Days passed and Lazarus’ condition grew only worse. When we had begun to lose any hope of his recovery, someone—I think it was Mary—came up with the idea of trying to contact a traveling preacher who had become known for his ability to heal. His name was Jesus, and he came from (of all places!) Nazareth, up north in Galilee. “Who ever heard of a prophet coming from Galilee?” I had to ask myself. Yet in recent months we had begun to hear all kinds of stories about him enabling lame people to walk, the blind to see and the deaf to hear, even of his turning water into wine at a wedding reception and feeding five thousand people with just a handful of loaves and fish. Passover was not far away, so perhaps he would be coming through these parts anyway.
The two sisters sent off a message as quickly as they could. A day passed, and another, and another. With each of them Lazarus’ condition only worsened until finally the inevitable happened. Lazarus was dead. Martha and Mary were beside themselves. They had done everything they could to help their brother and more. And it had all proved to be of no avail. Somehow it all seemed so wrong that such a good man, who had done so much to enrich the life of our little village, should be taken away from us. Yet what do the Scriptures say?
As for mortals, their days are like grass;
they flourish like a flower of the field;
for the wind passes over it, and it is gone,
and its place knows it no more.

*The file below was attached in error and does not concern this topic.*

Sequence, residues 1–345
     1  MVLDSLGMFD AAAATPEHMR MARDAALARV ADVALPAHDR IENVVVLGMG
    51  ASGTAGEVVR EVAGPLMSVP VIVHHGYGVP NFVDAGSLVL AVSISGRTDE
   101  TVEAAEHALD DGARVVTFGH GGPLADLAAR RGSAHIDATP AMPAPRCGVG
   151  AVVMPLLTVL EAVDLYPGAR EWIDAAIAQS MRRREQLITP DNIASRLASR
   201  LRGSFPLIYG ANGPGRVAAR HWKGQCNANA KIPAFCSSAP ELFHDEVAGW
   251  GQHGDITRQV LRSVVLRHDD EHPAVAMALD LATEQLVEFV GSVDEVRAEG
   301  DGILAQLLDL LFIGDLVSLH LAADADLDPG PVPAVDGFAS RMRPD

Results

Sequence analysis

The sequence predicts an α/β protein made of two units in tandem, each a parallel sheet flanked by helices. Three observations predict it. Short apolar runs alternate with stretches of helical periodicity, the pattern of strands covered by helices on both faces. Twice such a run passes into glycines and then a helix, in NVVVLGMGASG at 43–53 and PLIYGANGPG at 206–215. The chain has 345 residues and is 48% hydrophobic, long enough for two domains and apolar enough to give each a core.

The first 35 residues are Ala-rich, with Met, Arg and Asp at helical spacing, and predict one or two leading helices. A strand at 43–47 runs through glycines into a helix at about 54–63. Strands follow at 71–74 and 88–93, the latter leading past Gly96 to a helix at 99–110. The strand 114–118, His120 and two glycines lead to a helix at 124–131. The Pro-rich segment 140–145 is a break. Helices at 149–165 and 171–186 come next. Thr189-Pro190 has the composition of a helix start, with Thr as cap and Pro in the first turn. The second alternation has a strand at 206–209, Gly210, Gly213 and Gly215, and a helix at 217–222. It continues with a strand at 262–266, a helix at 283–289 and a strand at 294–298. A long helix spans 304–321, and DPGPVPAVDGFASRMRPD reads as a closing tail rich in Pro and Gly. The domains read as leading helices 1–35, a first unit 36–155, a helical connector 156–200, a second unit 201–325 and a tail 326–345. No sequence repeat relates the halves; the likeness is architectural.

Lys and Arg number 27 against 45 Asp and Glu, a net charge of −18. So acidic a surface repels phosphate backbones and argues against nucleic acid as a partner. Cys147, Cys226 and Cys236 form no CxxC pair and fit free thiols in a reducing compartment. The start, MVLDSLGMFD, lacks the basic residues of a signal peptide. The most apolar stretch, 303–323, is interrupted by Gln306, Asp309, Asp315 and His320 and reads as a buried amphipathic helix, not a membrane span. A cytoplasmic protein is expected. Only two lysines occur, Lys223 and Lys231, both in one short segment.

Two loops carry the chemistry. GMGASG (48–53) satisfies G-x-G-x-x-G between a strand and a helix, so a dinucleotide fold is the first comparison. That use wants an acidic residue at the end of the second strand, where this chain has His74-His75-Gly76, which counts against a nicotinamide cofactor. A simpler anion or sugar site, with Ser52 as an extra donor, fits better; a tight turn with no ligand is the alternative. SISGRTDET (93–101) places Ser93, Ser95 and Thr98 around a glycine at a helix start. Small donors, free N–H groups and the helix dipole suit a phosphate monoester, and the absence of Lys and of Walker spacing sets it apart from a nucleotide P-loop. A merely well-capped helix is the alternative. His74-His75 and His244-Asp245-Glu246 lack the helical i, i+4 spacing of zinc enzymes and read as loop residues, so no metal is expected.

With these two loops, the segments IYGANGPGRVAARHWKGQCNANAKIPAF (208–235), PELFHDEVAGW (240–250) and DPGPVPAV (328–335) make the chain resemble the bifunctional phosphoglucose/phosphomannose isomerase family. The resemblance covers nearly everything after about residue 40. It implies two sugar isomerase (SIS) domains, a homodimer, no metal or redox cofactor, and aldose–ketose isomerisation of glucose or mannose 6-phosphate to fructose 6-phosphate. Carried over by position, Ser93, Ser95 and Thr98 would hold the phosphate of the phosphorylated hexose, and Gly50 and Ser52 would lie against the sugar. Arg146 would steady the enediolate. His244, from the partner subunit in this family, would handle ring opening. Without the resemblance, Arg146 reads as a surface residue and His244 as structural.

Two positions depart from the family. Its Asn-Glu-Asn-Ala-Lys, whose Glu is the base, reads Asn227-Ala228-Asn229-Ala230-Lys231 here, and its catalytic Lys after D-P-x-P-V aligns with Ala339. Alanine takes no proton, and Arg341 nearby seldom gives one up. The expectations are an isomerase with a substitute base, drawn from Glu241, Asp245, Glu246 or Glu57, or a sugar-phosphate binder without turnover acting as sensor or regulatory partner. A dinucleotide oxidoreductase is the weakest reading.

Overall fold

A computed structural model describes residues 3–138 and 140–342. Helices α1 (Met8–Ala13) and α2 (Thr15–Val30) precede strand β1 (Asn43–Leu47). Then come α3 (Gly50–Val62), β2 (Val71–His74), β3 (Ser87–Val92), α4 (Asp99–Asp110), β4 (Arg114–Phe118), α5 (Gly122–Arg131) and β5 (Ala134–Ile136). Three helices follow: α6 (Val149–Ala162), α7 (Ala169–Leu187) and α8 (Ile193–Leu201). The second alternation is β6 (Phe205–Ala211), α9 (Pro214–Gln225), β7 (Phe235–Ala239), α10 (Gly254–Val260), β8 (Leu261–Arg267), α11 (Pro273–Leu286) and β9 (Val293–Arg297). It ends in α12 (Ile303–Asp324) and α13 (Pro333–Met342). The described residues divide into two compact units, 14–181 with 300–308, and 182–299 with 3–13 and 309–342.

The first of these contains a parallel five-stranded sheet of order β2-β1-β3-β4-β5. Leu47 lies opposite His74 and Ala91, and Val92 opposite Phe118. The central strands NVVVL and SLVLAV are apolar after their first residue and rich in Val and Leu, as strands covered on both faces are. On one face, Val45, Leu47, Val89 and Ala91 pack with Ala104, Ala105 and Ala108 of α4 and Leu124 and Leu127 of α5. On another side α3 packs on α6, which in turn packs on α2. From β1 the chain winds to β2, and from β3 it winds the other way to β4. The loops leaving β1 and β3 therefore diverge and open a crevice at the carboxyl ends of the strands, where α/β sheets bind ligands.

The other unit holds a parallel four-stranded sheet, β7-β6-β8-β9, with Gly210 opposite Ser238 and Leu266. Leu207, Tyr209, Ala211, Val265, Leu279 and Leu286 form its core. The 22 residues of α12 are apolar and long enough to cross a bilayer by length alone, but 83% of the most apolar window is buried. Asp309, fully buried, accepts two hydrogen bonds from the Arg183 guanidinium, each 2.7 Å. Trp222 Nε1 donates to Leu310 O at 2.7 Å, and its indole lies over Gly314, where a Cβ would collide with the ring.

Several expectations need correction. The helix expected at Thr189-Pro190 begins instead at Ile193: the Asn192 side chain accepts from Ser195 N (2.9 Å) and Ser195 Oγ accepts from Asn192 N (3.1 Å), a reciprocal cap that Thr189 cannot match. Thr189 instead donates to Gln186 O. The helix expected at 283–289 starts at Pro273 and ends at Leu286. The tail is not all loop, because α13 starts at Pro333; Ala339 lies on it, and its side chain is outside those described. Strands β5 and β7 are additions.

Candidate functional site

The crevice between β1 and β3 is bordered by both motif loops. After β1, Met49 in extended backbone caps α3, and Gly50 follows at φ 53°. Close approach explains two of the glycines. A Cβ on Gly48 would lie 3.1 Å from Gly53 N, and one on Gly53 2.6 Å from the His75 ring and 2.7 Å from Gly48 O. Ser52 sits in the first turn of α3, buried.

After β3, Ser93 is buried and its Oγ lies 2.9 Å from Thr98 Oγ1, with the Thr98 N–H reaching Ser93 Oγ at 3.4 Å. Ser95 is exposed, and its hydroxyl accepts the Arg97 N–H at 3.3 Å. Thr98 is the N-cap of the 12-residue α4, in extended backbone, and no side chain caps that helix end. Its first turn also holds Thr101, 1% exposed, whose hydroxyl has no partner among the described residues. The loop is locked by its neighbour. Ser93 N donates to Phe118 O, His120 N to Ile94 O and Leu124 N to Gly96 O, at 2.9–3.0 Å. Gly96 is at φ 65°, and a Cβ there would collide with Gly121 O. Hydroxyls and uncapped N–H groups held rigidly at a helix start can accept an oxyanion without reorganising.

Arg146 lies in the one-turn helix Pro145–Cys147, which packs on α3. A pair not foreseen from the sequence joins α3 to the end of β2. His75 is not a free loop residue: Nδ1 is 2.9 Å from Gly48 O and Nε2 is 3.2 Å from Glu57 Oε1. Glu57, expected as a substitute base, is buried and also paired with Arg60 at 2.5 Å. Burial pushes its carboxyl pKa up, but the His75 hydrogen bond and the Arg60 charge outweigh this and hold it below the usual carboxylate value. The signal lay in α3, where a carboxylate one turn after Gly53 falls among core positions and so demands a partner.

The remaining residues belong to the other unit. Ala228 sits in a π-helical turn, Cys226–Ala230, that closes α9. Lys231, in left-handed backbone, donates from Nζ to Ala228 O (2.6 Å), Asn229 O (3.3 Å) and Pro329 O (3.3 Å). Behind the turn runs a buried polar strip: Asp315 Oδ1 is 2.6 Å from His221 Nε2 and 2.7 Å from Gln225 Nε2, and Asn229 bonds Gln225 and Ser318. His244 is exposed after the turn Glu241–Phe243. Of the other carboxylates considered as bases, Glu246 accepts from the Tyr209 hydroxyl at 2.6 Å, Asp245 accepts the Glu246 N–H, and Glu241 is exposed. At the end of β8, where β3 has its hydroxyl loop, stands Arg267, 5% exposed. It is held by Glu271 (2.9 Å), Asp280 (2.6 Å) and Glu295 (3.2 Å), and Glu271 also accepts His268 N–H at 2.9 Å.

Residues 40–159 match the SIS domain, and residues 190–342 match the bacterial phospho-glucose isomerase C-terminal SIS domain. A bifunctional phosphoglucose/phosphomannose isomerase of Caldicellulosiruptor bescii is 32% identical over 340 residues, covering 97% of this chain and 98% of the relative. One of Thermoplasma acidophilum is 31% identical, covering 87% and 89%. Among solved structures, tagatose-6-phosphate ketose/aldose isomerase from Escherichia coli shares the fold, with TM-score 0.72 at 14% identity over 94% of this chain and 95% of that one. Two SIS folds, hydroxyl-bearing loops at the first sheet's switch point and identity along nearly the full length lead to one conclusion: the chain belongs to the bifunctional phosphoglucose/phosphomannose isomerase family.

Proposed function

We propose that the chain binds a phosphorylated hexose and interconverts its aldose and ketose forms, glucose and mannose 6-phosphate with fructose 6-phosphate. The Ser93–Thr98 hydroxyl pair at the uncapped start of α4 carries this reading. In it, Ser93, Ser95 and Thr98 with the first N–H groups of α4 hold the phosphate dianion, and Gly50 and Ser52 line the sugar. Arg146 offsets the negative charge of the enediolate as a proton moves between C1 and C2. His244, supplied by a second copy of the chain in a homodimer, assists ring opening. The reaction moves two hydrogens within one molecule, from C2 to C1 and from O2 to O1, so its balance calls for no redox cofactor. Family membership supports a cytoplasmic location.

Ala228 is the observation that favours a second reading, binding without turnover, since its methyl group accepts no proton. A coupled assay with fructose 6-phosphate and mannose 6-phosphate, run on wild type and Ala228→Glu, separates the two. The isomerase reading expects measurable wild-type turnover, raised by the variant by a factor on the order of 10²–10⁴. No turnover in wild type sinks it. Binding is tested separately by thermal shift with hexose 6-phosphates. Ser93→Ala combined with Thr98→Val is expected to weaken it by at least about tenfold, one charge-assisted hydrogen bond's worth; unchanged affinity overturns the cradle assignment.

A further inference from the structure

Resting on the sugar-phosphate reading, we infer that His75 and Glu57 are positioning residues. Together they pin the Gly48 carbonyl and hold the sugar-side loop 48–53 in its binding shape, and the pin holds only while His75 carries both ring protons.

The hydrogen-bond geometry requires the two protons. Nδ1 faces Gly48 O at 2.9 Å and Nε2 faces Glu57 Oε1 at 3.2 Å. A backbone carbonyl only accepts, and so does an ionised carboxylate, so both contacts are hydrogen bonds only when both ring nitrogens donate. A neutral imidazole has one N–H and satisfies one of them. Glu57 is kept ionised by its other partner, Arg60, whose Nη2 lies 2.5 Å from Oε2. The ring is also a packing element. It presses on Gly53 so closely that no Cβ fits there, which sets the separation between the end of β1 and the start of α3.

I knew all that in my head. Yet in my heart it seemed wrong. The week of mourning that would now begin, wearing harsh, coarse sackcloth next to the skin, our heads covered, and no shoes to protect our feet from the harshness of the rocky ground, would help to express our sorrow, our feelings of deprivation, and the wrongness that death is. However it would not console us; it would not subtract from our sense of injustice; and it certainly could not bring our beloved Lazarus back.
Like many of the men of Bethany, I shaved off my beard as a visible reminder of the loss that Lazarus was for all of us. For seven days none of us would wash or anoint our bodies or even eat. As Lazarus had been a man of considerable means, professional mourners were hired to chant the traditional dirges. However, their wails were not the only ones heard in Bethany that week. All of us joined in their lament with its shrill, rhythmic choruses of “Alas! Alas!”
If there is one thing we Jews know how to do, it is to mourn. The centuries of pain that are our history have ingrained that into us. I think of the weeping of our ancestors as they labored hard during their cruel years in Egypt—of men who endured the lash as they slaved under the hot sun, of women who lived in constant fear that their infant sons would be put to the sword before their very eyes.
We can still hear the echoes of the cries of those who watched on as our sacred city of Jerusalem and its Temple were torn down stone from stone and burned to the ground by the Babylonians, with thousands being dragged into captivity hundreds of miles away. To this very day we sing the words our poets wrote as they languished there: “By the rivers of Babylon—there we sat down and there we wept when we remembered Zion…”
Now we in Bethany found ourselves weeping once again, for dead Lazarus and for his two sisters, Mary and Martha. Or was it for ourselves, and for the deep loss we all felt in the knowledge that Lazarus would be a part of our lives no longer, but only a memory? Never again would we join with him in his laughter, or sit around his table, or hear his words of wisdom, or be the beneficiaries of his innumerable kindnesses. The thought passed through my mind more than once as I helped to carry Lazarus’ body, tightly wrapped in yards of linen and fragrant with pounds of exotic spices, to its resting place just outside the village, as I grunted to help move the heavy stone across the entry to his tomb, and during the days of deep mourning that followed.